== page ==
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2. Are my employees clear on the desired outcome of a particular negotiation?
Many negotiators make the mistake of going for one desired outcome. As a result, this changes the frame from an interest (WHY we want something) to a position (WHAT we want). Having three or more acceptable outcomes allows the frame of the negotiation to stay on interests, or joint problem solving.
Each outcome can also have options. Expanding the pie to include things that can help move the negotiation to joint problem solving also needs to be considered prior to the meeting. "What if we did this....?"
3. Do your employees know when it is OK to walk away from a deal, and is this supported within your company? Do your negotiators fear losing the relationship and stay in the negotiation past the "walk away point"?
In many cases, the culture of the organization is such that negotiators fear coming back without a deal. Worse, they have a goal they want or need to hit and if they can negotiate something better than that, the result is rewarded. The problem with this approach is that it sets up the process to be oriented toward "win-lose" positional bargaining. This can create significant levels of customer turnover. Having to find new customers is very expensive.
Planning out the process helps the negotiator see the potential outcomes, the options available, and the items available for trade. This provides the negotiator with the flexibility to know where they stand. Skilled negotiators know how to gracefully back out while leaving the relationship intact.
Unplanned and unmonitored negotiations can result in unacceptable outcomes and trading without reciprocity. They can also result in outcomes that are worse than the best alternative.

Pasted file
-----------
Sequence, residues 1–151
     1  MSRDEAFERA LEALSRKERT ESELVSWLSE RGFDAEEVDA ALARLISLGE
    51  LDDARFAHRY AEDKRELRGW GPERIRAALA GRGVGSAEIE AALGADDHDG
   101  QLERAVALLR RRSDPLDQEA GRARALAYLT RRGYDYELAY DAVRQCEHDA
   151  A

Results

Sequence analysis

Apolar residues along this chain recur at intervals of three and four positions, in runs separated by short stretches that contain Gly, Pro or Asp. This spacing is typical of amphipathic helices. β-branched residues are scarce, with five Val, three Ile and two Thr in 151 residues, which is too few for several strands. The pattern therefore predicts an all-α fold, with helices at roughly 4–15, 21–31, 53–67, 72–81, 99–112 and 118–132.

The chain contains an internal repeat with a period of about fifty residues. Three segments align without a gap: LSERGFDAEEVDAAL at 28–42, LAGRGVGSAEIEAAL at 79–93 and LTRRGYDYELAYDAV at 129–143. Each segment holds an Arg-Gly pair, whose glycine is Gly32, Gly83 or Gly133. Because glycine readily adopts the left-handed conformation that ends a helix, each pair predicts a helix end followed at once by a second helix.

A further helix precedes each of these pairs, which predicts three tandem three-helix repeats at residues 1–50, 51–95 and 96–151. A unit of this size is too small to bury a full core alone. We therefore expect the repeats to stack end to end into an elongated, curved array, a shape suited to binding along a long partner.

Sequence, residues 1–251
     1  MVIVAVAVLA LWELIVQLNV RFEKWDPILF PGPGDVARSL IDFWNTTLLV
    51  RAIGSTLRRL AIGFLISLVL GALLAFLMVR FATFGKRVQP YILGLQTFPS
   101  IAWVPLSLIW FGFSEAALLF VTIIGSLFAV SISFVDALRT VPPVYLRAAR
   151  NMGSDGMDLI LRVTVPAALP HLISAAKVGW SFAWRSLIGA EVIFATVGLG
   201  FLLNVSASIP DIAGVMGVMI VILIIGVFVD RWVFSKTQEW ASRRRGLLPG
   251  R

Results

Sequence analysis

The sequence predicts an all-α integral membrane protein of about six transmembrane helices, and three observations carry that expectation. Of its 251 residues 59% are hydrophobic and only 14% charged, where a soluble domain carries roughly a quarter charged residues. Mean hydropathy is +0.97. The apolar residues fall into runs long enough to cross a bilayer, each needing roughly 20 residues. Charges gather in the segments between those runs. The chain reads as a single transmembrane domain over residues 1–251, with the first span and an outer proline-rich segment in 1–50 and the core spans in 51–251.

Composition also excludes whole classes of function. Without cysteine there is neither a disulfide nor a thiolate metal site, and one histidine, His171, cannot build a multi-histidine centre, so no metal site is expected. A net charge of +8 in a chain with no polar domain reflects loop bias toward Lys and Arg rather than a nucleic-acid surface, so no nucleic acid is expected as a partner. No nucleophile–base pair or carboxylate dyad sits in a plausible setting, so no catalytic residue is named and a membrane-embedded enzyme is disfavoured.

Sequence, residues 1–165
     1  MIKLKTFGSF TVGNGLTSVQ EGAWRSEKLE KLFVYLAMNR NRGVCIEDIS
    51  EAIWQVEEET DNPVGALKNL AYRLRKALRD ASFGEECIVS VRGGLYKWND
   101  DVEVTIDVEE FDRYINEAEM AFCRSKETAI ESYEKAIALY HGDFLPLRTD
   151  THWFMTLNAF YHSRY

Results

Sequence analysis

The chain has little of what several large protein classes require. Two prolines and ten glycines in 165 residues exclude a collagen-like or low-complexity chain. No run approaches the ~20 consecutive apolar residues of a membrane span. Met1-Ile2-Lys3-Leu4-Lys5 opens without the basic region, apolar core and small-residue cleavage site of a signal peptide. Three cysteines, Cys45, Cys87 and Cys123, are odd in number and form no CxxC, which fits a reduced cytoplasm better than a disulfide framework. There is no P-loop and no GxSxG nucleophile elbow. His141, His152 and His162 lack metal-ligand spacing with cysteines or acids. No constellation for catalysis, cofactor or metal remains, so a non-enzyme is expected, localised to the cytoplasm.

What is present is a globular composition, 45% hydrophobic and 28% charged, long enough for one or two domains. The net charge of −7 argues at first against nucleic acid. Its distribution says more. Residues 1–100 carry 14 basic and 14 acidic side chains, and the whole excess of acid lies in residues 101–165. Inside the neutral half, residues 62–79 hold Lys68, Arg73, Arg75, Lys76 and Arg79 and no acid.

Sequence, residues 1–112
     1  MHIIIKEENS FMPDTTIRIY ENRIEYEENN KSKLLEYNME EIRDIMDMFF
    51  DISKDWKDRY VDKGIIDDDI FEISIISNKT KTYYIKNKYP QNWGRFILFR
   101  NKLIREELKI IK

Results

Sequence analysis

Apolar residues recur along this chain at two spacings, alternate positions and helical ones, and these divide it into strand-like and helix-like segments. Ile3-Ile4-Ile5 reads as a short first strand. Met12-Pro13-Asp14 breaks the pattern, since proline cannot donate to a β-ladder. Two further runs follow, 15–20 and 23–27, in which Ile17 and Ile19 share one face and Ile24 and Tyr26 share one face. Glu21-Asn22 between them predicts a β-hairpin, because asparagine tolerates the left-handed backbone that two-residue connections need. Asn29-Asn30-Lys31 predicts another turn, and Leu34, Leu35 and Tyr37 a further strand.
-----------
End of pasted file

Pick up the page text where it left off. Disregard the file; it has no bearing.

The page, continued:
4. Are your employees clear on why they are negotiating? Do they know their BATNA?
The BATNA is simply defined as what you could have done had no negotiation taken place. The question that should be answered is, "What can or will we do if we cannot come to an agreement?"
The purpose of negotiations is to see if you can get interests met via an agreement with another party, versus this best alternative.
Planning allows your negotiators to clearly identify the outcomes and the alternatives. Many times, negotiators, without identifying these outcomes and alternatives come to agreements worse than the best alternative.
5. Are the results from negotiations reviewed for effectiveness?
Not only is it important to review results to provide feedback to the negotiator, but anything learned from the negotiation should be shared with everyone.
Match the negotiated results to the previously identified outcomes. Track performance of these outcomes to the performance of the transaction. This will provide a direct line from planning, to the negotiation, to the financial performance of the deal to ensure that the assumptions used to formulate the plan were accurate.
The ability of your employees entrusted to negotiate the buying and selling of goods and services controls your ability to produce profitable results. Highly effective negotiators are able to develop closer relationships with customers and suppliers. They make the process of negotiating mutually beneficial, which makes the relationship more rewarding for both parties.
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Copyright © 2003, David Wachtel
Copyright © 2003, The Negotiator Magazine